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Comment: Re:Does anyone oppose this? (Score 1) 109

by TheRaven64 (#47443833) Attached to: Fighting Climate Change With Trade
It's also a market distortion if one locale doesn't regulate pollution and allows businesses to dump waste in communal resources (e.g. rivers), making them externalities. A tariff on imports of such goods can be a way of redressing that balance - manufacturers have to pay the costs irrespective of where they produce the goods if they want to sell them in a particular country.

Comment: Re: Paid taxes (Score 1) 253

In that case, France would charge an import tax.

But what really happens is the book is printed in Germany, sold to Amazon in Luxembourg, sold to someone in France, and all the profit funneled through Netherlands and/or Ireland, where is somehow becomes no profit and hence no tax due.

Comment: Re:france is such a pathetic country (Score 1) 253

Many French People in rural France loathe the Parisiennes. When a car with a Paris Department number plate comes to my Village the locals suddenly become sullen and un-coopoerative towards the visitors. When the car leaves, life returns to normal. Even to a 'Les Rostbiff' like me they are far friendlier that they are to anyone from Paris.

The same is true in reverse too. I picked up quite a thick rural Normandy accent[1] when I speak French and discovered that everyone in Paris is a lot more polite to me if I speak French with an English accent...

[1] Cultural equivalents: For brits, think Devonshire farmer, for americans think deep south.

Comment: Re:2-year CFLs (Score 1) 237

by TheRaven64 (#47441893) Attached to: My most recent energy-saving bulbs last ...
I took some with me when I moved about 10 years ago. I didn't the last couple of times I moved, because they're so cheap that it's not worth the effort to move them. I have had one fail in under 4 years, but most of the ones I installed when I moved into my last-but-one house were still working fine when I moved out 7 years later.

Comment: Re:Don't sweep it under the rug as collateral dama (Score 1) 153

Don't claim copyright on every video, this will make you guilty of perjury under the DMCA. Claim copyright on one video and then claim that every other video appears to be a derived work of that video. This is exactly the mechanism that the big studios use.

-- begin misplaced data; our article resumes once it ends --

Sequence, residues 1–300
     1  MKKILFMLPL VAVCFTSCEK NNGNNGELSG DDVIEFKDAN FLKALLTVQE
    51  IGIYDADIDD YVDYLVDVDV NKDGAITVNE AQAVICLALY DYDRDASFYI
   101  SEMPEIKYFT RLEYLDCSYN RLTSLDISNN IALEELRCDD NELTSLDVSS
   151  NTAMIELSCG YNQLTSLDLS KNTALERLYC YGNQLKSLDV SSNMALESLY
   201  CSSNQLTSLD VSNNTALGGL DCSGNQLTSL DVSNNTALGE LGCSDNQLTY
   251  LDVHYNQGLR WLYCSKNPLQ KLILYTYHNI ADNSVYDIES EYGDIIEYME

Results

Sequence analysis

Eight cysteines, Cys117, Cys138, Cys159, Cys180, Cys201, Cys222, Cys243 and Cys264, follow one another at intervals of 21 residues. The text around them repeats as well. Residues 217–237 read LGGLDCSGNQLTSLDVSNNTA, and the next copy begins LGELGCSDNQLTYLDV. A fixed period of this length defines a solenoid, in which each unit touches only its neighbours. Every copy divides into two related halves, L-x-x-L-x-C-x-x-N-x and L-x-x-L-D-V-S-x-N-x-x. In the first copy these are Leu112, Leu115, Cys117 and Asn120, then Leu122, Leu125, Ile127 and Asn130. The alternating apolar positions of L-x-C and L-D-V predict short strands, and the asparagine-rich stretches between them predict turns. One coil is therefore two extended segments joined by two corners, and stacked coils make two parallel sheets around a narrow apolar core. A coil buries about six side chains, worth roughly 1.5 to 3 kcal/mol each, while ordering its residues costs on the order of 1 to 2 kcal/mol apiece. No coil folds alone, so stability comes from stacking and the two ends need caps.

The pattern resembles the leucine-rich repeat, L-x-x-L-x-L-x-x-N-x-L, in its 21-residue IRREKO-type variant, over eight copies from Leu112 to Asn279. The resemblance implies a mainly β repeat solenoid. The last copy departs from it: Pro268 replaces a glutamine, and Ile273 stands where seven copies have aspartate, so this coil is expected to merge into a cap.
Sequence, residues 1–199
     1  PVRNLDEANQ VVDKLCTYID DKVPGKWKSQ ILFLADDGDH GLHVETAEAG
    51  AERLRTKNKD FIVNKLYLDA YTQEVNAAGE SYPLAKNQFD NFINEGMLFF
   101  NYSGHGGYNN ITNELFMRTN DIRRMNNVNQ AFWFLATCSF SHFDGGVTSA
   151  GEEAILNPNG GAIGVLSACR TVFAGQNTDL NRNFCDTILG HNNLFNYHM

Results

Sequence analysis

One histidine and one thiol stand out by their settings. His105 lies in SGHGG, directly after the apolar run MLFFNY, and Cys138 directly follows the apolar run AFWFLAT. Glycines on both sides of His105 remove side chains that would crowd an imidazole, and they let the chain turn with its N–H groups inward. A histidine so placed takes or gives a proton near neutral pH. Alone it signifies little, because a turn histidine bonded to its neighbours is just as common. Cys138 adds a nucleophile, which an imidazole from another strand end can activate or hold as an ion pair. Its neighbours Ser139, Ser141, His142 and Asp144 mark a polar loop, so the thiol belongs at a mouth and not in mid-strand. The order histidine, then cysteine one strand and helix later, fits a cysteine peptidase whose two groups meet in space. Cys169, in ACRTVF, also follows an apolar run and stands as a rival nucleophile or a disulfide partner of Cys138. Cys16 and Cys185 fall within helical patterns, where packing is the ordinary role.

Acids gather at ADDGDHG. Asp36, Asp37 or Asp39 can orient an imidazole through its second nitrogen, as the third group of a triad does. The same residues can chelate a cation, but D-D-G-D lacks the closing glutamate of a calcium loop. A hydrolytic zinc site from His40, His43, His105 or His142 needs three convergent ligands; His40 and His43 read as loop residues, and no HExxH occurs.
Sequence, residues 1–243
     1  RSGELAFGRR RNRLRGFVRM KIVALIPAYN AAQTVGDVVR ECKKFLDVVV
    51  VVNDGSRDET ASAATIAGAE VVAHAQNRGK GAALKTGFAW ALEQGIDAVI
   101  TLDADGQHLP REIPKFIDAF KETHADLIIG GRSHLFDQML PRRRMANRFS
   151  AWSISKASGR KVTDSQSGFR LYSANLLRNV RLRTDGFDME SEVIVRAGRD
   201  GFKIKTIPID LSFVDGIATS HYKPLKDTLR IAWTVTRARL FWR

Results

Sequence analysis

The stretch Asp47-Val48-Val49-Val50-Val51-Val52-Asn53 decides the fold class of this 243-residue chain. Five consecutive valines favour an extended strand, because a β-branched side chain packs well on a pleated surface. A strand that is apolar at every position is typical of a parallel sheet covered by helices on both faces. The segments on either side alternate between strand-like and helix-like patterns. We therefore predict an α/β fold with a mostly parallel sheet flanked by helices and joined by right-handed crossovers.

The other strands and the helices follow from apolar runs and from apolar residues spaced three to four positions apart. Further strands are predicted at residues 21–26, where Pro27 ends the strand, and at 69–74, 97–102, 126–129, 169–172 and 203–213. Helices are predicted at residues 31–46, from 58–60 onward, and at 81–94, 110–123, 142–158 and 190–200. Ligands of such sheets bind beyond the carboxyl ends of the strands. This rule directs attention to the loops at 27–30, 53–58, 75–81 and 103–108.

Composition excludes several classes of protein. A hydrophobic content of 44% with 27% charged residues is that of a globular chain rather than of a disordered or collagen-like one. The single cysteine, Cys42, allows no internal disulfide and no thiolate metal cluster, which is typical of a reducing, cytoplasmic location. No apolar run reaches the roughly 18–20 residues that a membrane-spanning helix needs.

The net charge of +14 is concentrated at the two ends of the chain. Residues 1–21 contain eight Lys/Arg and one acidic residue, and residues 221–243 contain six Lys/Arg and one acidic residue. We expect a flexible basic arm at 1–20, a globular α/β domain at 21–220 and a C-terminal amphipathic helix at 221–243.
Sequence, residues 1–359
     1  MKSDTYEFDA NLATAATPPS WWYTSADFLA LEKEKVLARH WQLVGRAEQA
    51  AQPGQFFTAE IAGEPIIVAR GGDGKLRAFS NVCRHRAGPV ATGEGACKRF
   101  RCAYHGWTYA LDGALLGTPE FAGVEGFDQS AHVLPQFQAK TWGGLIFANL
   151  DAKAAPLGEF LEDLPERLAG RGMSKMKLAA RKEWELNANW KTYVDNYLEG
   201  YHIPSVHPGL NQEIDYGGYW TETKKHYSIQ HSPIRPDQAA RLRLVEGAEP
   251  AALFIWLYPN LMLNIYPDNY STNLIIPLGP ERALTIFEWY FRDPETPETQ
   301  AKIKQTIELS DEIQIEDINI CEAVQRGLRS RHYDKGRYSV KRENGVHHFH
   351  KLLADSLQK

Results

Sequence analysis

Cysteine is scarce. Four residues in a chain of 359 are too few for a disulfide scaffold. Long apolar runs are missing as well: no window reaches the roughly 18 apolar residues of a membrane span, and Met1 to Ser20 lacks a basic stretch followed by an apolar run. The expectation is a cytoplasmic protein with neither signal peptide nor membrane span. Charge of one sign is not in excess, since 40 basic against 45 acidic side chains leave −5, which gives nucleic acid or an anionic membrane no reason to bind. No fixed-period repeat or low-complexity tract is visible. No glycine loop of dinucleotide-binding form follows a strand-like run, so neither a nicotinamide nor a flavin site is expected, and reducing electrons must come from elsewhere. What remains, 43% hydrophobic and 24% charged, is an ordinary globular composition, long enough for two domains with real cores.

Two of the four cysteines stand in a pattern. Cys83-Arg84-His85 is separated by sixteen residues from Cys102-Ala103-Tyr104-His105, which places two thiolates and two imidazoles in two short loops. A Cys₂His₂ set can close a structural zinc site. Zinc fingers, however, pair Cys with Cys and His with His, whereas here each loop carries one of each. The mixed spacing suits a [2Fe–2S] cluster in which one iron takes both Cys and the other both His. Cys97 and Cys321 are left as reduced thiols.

Comment: Re:Don't sweep it under the rug as collateral dama (Score 2) 153

The perjury clause doesn't say what you think it says. If I own the rights on work A, to file a notice on work B, I claim that work B infringes work A. The perjury clause kicks in only if I do not own the rights to work A (or represent the person who does). If work B doesn't infringe, then that's a matter for the courts. This is quite annoying, but it does make sense. It's clear cut if works A and B are the same, but not in the case that B is a derived work of A. A court has to decide whether the use of A in B counts under fair use or not.

The counterbalance for this is that the DMCA does indemnify YouTube if they respond to a counternotice and reinstate the work. If you, the owner of work B, think it does not infringe then you send such a notice to YouTube. I then have no further recourse against YouTube and must take you to court directly.

The problem here is that it's very easy to automate sending takedown notices, but very hard to automate sending counter-notices. Mass-sending of automated takedown notices was something that the authors of the DMCA didn't foresee and the act probably needs amending to require the notice to explicitly state (under penalty of perjury) the person who has compared the works and their reason for believing that they are infringing.